What is more, the sophistication of Qatar’s stock market is developing rapidly as the country takes measures to encourage foreign investment domestically and improve access for international investors. In 2014, index provider MSCI upgraded Qatar from frontier to emerging status, in recognition that the liberalisation of the market was gathering pace. Last year, the Qatar Exchange (QE) also relaxed companies’ foreign ownership limits, recently increasing the limit from 25% to 49%. Furthermore, investors from elsewhere in the Gulf have been re-designated as non-foreign, further encouraging liquidity in Qatari shares, to the benefit of international investors.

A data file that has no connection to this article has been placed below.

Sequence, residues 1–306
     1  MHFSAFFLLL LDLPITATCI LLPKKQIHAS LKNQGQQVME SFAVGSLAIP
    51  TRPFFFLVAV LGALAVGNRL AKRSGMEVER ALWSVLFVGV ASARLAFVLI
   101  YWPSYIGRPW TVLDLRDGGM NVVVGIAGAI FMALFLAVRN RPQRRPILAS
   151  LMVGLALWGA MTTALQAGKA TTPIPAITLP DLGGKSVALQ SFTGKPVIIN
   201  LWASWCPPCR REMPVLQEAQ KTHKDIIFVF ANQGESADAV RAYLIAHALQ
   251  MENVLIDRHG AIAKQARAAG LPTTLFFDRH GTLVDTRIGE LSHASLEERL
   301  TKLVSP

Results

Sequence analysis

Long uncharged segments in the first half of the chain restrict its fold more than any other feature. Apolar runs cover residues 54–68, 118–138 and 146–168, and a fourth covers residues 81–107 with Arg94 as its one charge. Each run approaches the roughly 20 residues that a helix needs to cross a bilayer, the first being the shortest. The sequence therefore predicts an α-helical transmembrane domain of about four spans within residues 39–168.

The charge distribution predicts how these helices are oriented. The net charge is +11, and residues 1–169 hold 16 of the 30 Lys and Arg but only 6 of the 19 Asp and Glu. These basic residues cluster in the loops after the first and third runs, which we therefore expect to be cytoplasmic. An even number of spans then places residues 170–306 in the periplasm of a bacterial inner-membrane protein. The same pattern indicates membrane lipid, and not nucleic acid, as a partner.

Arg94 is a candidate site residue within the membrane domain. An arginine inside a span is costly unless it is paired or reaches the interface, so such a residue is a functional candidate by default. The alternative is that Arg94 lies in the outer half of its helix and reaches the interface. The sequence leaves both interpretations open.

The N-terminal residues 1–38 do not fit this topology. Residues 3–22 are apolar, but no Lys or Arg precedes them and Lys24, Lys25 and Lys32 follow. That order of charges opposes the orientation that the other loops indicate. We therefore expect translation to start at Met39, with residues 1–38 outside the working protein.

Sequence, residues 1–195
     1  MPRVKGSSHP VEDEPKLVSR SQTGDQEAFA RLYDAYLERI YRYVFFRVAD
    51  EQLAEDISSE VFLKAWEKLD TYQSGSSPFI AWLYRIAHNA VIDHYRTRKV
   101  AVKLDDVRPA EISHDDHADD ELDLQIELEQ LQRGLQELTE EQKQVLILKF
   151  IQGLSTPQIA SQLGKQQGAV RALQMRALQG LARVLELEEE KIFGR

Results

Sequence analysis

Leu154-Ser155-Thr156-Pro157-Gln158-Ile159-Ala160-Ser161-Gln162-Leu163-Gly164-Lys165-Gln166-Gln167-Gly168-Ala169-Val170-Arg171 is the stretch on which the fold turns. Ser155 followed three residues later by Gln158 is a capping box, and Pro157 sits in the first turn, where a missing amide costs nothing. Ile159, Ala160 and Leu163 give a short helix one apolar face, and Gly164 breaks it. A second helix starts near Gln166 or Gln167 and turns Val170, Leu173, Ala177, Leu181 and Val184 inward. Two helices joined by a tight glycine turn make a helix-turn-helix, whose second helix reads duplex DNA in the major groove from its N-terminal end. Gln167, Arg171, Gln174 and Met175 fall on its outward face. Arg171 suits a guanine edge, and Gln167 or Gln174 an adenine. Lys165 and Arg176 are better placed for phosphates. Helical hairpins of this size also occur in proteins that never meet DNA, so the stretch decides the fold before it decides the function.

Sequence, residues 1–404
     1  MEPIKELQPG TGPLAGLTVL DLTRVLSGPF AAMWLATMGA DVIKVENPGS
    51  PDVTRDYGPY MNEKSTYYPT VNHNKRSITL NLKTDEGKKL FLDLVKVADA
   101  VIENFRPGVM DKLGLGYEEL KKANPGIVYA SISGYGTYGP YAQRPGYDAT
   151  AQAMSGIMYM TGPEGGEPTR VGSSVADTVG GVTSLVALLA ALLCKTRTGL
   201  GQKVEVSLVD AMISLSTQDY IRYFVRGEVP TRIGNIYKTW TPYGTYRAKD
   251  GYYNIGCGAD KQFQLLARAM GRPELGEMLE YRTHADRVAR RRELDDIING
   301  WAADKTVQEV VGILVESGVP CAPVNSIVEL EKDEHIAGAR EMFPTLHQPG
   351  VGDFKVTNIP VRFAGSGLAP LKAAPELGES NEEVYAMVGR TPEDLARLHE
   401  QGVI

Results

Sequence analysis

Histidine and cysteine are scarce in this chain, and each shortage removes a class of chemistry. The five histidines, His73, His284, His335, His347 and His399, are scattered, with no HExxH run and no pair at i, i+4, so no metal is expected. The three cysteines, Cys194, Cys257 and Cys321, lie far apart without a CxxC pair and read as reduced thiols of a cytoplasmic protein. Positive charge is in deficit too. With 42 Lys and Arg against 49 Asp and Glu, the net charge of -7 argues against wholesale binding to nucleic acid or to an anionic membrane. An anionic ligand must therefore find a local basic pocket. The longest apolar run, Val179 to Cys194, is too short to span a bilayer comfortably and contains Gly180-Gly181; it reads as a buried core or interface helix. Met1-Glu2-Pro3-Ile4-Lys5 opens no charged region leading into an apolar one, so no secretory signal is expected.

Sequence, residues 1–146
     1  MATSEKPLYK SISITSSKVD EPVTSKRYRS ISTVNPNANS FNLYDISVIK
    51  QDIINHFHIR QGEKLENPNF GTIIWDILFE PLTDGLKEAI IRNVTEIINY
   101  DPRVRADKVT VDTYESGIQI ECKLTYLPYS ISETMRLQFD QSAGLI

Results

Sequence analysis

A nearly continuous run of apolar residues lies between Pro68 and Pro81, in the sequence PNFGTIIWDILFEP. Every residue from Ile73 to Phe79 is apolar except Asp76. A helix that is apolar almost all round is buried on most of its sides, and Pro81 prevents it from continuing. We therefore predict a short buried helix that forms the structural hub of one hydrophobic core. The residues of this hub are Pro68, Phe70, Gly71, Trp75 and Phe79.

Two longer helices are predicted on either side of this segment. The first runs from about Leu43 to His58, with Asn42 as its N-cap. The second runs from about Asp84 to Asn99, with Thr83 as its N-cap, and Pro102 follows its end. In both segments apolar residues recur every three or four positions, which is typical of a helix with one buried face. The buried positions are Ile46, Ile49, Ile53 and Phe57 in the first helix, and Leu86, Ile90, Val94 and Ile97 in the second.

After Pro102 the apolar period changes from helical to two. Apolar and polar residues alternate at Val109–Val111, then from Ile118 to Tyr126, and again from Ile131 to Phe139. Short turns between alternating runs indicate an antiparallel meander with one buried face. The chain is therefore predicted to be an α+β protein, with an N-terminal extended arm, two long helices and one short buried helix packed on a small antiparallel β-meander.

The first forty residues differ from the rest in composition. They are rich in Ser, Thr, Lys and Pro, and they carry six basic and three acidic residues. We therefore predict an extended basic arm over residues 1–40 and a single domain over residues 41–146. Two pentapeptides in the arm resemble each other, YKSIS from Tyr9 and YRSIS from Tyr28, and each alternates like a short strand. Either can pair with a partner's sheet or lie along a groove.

More recently, in December 2015, the Qatar Exchange announced the introduction of margin trading, allowing investors to purchase securities partially financed by a loan from a margin trading lending.  This is expected to stimulate trading and liquidity by providing new financing channels for investors.

With the economy increasingly diversified, investment in Qatar is becoming an attractive option for those looking for exposure to a high-growth emerging market in the knowledge that, even if the oil price bounces back, future returns are not reliant on the commodities cycle – unlike many of its neighbours.